I know what you might be thinking: “Taylor, wtf is this topic? I thought this site was supposed to be about sports, gambling, TV shows and ya know just like dude stuff… What is the ‘Economic Expansion in Micronesia’ doing here?! Where the fuck did that come from?

I’ll tell you…



Today marks 14 years since that line was dropped on Senator Cleary and made America, nay, the entire world aware of what’s going on over there.

…wait, what? You STILL aren’t aware of the economic expansion over in Micronesia?

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Good God.

Okay, let’s take it from the top and make sure to cover it all, after all this is very important.


Without further ado, my position paper on the Economic Expansion in Micronesia!

The economic activity of the Federated States of Micronesia consists primarily of subsistence agriculture and fishing. The islands have few mineral deposits worth exploiting, except for high-grade phosphate and while the potential for a tourist industry exists, the remoteness of the location and a lack of adequate facilities hinder development. Financial assistance from the US is the primary source of revenue, with the US pledged to spend $1.3 billion in the islands in 1986-2001. Geographical isolation and a poorly developed infrastructure are major impediments to long-term growth.

Under the terms of the Compact of Free Association, the United States provided Micronesia with around $2 billion in grants and services from 1986 to 2001. The Compact’s financial terms are being renegotiated for an extension period. In 2001 the U.S. provided more than $84 million in Compact grants—an amount equivalent to over one-third of Micronesia’s GDP—plus more than $20 million through other federal programs. Total official development assistance from all sources was more than $100 million in 2001, with nearly 90% of that total coming from the U.S.

The Micronesia public sector plays a central role in the economy as the administrator of the Compact money. The national and state-level governments employ over one-half of the country’s workers and provide services accounting for more than 40%of GDP. Faced with the potential decrease or cessation of some of the assistance programs upon the Compact’s financial provisions’ expiry in 2001, the Government of the Micronesia in 1996 began to implement a program of economic reforms designed to reduce the role of the public sector in the economy. In addition, the advent of music startups using .fm domain names has provided a new stream of revenue to the government.

The fishing industry is highly important. Foreign commercial fishing fleets pay over $20 million annually for the right to operate in Micronesia territorial waters. These licensing fees account for nearly 30% of domestic budgetary revenue. Additionally, exports of marine products, mainly reexports of fish to Japan, account for nearly 85% of export revenue.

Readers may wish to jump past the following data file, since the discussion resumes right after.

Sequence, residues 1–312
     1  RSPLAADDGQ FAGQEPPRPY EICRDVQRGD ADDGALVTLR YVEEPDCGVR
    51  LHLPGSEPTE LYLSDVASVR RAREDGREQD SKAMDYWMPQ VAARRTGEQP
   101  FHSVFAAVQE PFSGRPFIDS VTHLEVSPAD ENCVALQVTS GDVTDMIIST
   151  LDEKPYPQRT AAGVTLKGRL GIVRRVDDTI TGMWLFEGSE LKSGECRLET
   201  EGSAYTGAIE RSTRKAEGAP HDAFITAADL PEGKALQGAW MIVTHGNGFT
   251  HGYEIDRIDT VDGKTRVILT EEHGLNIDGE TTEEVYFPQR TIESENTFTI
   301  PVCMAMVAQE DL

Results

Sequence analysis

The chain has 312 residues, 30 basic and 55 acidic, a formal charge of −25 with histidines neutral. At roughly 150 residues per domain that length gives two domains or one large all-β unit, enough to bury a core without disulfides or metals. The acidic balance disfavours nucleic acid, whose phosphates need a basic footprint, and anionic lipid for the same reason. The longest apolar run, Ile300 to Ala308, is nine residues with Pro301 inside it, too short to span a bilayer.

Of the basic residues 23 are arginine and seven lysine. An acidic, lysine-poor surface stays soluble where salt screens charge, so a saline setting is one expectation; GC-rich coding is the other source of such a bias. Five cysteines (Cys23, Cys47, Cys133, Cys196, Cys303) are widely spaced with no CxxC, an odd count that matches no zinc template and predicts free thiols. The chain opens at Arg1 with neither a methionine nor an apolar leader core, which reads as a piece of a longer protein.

The tourist industry is present but has been hampered by a lack of infrastructure. Visitor attractions include scuba diving in each state, World War II battle sites, and the ancient ruined city of Nan Madol on Pohnpei. Some 15,000 tourists visit the islands each year. The Asian Development Bank has identified tourism as one of Micronesia’s highest potential growth industries.

Farming is mainly subsistence, and its importance is declining. The principal crops are coconuts, bananas, betel nuts, cassava, and sweet potatoes. Less than 10% of the formal labor force and less than 7% of export revenue come from the agriculture sector. Manufacturing activity is modest, consisting mainly of a garment factory in Yap and production of buttons from trochus shells.

The large inflow of official assistance to Micronesia allows it to run a substantial trade deficit and to have a much lighter tax burden than other states in the region (11% of GDP in Micronesia compared to 18%-25% elsewhere). The government also borrowed against future Compact disbursements in the early 1990s, yielding an external debt of $111 million in 1997 (over 50% of GDP).

Now, some of you may be thinking “Tayls, bro, that position paper didn’t make any sense – it had NO position. What are you, some sort of moron?

And while your words are hurtful, you’d be pretty much right… There was no real direction or anything.

To you #h8rs I say this: “Fuck you, that’s a straight copy and paste from Wikipedia. But at least you learned a little bit about John Beckwith & Senator Cleary’s passions!

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Do I regret doing this? No.

John Beckwith and Senator Cleary started the conversation. Credit to them.

But, by me (14 years later) copying and pasting the Wikipedia of Micronesian economics, awareness was raised on this important issue. Credit to me.

Tremendous. Great stuff.

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You’re welcome to all those readers who committed and stuck around this long. You’re the real MVP’s.